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Rising Star – Sarah Bentil

Sarah Bentil has always been passionate about biomechanics according to her former advisor, Rebecca Dupaix.  Bentil joined the Department of Mechanical and Aerospace Engineering’s (MAE) mechanical engineering PhD program in 2008 as a fellowship student and began working on a project to improve the biocompatibility of neural electrode systems using hydrogels. “I immediately recognized the need for this type of work which already aligned nicely with my soft tissue biomechanics research interests,” Bentil said.

Bentil says the mechanical engineering PhD program is where her interest in studying the mechanical behavior of the brain all began.  The neural electrode biocompatibility project had an experimental component.  She conducted rheological experiments on porcine brain tissue samples extracted from each hemisphere and different locations within the brain.  “Characterizing the material response of soft tissue is necessary to solve certain biomedical problems,” Bentil said.  She needed physiologically realistic constitutive models to design biocompatible hydrogel-coated neural electrodes.  The mechanical behavior of the hydrogel should be similar to the brain -- preventing the brain from recognizing the electrode as a foreign object and rejecting the device, thus eliminating the mechanical mismatch between the rigid electrode and soft brain tissue.

“Her research resulted in design guidelines for the thickness and stiffness of gel coatings to reduce this mechanical mismatch,” said Dupaix.  “Sarah was extremely focused on what she wanted to accomplish as a PhD student,” Dupaix noted.  “She was resourceful and creative in tackling whatever obstacles or challenges that came along.”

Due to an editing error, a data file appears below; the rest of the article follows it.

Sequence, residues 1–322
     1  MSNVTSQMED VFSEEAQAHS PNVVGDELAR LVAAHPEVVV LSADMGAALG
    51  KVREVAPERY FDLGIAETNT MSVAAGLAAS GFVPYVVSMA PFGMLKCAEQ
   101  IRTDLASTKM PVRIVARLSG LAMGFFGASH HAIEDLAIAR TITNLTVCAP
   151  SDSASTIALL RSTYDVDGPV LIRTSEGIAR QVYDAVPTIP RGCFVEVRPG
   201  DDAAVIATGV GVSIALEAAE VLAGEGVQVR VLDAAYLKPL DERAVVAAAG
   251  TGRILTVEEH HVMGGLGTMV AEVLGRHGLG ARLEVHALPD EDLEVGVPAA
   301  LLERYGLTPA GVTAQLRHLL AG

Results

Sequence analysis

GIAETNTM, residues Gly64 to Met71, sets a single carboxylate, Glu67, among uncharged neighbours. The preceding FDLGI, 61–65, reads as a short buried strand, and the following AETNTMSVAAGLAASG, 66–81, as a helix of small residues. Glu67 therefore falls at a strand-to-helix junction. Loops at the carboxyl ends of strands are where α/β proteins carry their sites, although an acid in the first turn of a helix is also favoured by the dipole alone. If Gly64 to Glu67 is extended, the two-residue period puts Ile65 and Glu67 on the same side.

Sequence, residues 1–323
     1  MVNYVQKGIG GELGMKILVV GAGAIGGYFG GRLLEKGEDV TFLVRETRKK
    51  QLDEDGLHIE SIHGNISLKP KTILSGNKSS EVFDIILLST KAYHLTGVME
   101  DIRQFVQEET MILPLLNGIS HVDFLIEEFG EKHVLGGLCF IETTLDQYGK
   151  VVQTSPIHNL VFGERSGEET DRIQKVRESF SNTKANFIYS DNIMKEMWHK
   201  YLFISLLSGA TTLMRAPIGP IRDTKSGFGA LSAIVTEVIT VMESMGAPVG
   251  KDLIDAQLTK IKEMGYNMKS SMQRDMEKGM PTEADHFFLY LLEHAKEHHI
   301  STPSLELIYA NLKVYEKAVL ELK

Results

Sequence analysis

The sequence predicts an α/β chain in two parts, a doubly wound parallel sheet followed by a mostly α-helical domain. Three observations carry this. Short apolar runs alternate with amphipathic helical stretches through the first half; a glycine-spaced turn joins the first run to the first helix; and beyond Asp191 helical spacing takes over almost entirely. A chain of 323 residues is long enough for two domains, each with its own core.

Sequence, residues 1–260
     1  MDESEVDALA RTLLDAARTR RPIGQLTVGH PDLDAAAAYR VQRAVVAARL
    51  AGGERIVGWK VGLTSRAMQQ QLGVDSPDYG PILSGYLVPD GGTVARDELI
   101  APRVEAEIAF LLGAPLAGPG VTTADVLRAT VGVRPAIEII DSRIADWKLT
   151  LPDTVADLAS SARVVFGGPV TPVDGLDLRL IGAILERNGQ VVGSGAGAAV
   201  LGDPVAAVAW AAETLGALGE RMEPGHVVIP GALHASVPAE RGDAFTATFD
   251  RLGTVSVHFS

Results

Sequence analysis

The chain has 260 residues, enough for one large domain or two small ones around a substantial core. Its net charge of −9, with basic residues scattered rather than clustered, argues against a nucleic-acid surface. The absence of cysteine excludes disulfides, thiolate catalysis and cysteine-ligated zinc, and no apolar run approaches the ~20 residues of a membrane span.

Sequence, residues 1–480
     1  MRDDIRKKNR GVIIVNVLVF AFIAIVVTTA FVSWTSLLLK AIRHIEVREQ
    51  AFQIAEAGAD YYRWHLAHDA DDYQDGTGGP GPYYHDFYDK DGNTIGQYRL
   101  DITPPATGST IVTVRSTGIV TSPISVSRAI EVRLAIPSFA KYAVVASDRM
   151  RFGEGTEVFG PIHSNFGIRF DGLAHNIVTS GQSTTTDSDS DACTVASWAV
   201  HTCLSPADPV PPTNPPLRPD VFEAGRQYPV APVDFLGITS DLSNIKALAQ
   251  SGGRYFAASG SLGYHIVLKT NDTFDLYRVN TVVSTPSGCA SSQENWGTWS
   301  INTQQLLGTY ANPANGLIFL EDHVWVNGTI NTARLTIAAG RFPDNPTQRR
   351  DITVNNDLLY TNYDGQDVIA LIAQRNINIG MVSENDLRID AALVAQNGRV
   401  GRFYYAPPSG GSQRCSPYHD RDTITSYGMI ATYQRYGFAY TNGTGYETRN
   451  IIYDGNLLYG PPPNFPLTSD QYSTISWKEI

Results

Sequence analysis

As it turns out, that resolve has helped Bentil throughout her academic life and most importantly, in her new position as Assistant Professor of Mechanical Engineering at Iowa State University of Science and Technology and the William March Scholar in Mechanical Engineering.  “You can’t always control the challenges you face in life,” Bentil said.  “What you can control is your response to those challenges so you can successfully achieve your goals.”

Bentil is teaching her first semester at Iowa State and is director of a new lab, The Bentil Group.  The group’s mission is to develop innovative methods to test soft biological tissue and biomaterials to identify, treat and/or diagnose diseases in soft tissue.  “We mainly focus on the brain and nervous system,” Bentil explained.  Her students are developing and employing noninvasive experimental techniques to characterize the behavior of the brain and other soft materials and conducting computational studies to gain insight into how they relate to various biomedical problems.  “Knowledge gained from our work will be used to improve diagnostic tools used by clinicians and develop countermeasures to mitigate traumatic brain injury,” she said.

As part of the Buckeye family, Bentil says Ohio State will always have a special place in her heart.  “The skills and training that I received at Ohio State prepared me for a career in academia,” Bentil commented.  “I hope to provide the same level of guidance, support and mentorship to my students as I received.”

As an educator Bentil believes her role is to create an environment that optimizes students’ ability to work in teams with individuals from both technical and nontechnical backgrounds.  In her class, students perform exercises that require them to interact with one another.  “The objective of these exercises is to have students solve engineering problems collaboratively and communicate the result,” Bentil noted.  “Having experience working in teams will assist the students both in their personal and professional lives.”